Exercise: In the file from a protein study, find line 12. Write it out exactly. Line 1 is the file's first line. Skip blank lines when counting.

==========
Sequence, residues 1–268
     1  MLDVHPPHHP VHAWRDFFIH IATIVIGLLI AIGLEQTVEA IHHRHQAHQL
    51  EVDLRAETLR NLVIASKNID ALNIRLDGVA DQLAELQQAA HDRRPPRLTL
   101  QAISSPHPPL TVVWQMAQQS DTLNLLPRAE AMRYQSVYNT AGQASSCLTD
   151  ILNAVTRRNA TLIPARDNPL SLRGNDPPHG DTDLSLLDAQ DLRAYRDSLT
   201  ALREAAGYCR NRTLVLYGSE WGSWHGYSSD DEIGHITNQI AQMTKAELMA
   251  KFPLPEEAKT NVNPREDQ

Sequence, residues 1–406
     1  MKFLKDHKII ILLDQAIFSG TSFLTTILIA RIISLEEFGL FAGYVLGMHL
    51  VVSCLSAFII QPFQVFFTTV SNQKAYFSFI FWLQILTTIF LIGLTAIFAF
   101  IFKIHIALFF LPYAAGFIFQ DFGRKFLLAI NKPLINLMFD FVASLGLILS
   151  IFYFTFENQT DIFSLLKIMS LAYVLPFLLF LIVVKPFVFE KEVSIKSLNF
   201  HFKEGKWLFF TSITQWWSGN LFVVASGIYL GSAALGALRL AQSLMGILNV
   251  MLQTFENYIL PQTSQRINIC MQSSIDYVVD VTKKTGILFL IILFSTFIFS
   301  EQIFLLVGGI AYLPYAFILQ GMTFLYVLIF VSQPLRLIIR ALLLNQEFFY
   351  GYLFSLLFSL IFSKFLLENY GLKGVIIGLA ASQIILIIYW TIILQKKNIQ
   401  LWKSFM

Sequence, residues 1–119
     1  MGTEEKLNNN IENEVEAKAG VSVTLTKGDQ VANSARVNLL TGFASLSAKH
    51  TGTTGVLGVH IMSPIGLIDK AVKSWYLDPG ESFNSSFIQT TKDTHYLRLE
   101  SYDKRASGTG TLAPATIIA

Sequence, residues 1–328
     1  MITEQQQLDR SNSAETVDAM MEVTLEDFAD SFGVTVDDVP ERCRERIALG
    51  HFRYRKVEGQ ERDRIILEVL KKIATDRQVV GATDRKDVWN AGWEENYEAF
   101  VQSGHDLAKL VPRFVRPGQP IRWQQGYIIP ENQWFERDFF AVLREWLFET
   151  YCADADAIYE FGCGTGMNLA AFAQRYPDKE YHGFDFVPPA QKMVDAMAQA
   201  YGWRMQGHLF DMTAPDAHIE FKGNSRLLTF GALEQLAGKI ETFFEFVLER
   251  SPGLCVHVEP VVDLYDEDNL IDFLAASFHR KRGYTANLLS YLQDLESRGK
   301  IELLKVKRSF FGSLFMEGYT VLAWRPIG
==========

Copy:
   151  IFYFTFENQT DIFSLLKIMS LAYVLPFLLF LIVVKPFVFE KEVSIKSLNF